The asteroid that wiped out the dinosaurs nearly killed off mammals as well, a study involving Edinburgh scientists shows.
The mass extinction event 66 million years ago was thought to have paved the way for mammals to dominate, but researchers say many of them died out alongside the dinosaurs.
During the Cretaceous period, extinct relatives of living marsupials - such as possums and kangaroos - thrived.
An international team of experts on mammal evolution and mass extinctions have shown that the once-abundant animals - known as metatherian mammals - came close to extinction.
A 10-km-wide asteroid struck what is now Mexico at the end of the Cretaceous period, unleashing a global cataclysm of environmental destruction which led to the demise of the dinosaurs.
The study reveals that two-thirds of all metatherians living in North America also perished.
This included more than 90 per cent of species living in the northern Great Plains of the USA, which is the best area in the world for finding latest Cretaceous mammal fossils.
Metatherians never recovered their previous diversity, which explains why marsupials are rare today and largely restricted to unusual environments in Australia and South America.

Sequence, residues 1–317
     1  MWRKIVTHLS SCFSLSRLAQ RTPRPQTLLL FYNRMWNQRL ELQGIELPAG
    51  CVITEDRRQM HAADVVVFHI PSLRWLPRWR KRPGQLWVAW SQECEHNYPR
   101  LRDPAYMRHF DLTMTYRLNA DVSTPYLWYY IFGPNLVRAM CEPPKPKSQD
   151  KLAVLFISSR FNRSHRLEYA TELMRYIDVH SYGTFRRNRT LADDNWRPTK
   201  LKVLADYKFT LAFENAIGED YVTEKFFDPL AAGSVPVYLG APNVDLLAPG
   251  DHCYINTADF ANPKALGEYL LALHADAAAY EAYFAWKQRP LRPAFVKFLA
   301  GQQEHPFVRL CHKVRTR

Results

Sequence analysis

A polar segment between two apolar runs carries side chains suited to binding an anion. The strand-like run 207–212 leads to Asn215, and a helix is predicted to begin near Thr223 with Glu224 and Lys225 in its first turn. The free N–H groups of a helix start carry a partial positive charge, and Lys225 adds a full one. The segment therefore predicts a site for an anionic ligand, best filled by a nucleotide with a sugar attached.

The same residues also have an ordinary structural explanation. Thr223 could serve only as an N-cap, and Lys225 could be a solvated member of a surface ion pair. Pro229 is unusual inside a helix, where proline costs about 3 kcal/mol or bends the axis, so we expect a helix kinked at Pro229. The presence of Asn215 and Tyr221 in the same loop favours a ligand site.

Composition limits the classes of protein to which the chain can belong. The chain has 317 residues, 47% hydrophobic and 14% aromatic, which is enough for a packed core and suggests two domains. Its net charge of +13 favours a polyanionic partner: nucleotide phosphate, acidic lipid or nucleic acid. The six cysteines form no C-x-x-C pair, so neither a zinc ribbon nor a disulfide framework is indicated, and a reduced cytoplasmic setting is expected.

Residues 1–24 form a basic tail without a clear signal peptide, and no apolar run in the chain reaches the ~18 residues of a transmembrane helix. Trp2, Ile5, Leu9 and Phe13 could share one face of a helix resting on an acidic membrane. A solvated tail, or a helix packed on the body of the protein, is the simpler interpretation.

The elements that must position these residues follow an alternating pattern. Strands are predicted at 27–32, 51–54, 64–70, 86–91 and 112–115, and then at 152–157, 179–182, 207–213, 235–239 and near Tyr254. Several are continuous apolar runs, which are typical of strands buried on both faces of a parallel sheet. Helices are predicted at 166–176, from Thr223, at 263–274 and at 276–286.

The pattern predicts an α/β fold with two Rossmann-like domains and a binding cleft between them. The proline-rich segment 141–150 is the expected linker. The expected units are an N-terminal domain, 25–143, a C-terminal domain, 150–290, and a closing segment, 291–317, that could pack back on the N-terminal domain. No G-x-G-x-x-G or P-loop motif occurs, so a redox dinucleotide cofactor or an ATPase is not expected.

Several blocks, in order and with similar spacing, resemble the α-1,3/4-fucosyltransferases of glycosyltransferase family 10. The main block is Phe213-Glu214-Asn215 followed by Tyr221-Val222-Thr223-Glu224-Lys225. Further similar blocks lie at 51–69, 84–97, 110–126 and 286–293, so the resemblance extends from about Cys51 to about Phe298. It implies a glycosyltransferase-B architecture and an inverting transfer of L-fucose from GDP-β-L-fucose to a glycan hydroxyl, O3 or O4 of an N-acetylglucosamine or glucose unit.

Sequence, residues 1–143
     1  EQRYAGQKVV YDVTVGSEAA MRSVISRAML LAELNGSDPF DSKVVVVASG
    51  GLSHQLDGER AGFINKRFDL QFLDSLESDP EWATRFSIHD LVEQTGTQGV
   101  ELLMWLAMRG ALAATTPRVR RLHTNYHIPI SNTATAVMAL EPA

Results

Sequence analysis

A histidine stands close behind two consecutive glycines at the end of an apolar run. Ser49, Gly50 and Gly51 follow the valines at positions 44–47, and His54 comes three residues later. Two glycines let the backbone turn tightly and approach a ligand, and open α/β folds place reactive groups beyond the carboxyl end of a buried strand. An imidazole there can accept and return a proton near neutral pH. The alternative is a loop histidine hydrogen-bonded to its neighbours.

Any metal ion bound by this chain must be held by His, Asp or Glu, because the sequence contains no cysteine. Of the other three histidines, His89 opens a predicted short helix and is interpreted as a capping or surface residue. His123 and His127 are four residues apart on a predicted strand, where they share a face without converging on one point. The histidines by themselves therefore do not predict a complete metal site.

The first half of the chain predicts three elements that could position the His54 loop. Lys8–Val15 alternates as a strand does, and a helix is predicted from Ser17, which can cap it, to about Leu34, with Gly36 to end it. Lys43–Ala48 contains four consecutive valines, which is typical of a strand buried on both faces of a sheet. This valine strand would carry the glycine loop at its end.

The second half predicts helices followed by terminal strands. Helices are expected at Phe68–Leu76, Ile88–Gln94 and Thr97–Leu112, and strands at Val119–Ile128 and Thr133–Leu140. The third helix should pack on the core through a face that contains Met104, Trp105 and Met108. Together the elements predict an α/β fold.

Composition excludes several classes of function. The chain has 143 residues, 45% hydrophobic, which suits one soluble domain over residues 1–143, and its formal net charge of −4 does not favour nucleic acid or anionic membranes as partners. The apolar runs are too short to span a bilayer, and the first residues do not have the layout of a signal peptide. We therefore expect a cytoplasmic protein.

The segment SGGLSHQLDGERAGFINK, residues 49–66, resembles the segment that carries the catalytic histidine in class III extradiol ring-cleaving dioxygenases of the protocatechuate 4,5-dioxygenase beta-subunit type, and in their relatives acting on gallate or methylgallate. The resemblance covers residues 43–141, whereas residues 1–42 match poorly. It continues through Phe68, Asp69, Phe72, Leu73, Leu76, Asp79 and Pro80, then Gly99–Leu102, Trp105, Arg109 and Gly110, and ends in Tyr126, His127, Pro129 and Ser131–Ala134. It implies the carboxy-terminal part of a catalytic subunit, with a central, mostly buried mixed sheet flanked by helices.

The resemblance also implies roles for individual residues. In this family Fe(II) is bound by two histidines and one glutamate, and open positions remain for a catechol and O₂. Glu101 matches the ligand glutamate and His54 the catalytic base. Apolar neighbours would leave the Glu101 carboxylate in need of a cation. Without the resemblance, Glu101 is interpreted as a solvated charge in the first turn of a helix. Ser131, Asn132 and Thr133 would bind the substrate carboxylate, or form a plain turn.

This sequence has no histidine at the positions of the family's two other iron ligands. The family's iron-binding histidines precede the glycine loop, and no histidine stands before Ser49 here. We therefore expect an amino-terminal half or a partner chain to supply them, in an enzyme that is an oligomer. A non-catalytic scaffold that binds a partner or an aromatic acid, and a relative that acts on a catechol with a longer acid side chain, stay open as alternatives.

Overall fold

Species that give birth to well-developed live young - known as placental mammals - took full advantage of the metatherians’ demise.
Placental mammals - which include many species from mice to men - are ubiquitous across the globe today.
This is a new twist on a classic story. It wasn’t only that dinosaurs died out, providing an opportunity for mammals to reign, but that many types of mammals, such as most metatherians, died out too – this allowed advanced placental mammals to rise to dominance.
Researchers reviewed the evolutionary history of metatherians and constructed the most up-to-date family tree for the mammals based on the latest fossil records, allowing them to study extinction patterns in unprecedented detail.
The classic tale is that dinosaurs died out and mammals, which had been waiting in the wings for over 100 million years, then finally had their chance. But our study shows that many mammals came perilously close to extinction. If a few lucky species didn’t make it through, then mammals may have gone the way of the dinosaurs and we wouldn’t be here.
The study is published in the open access journal ZooKeys.
The work was supported by the US National Science Foundation and the European Commission.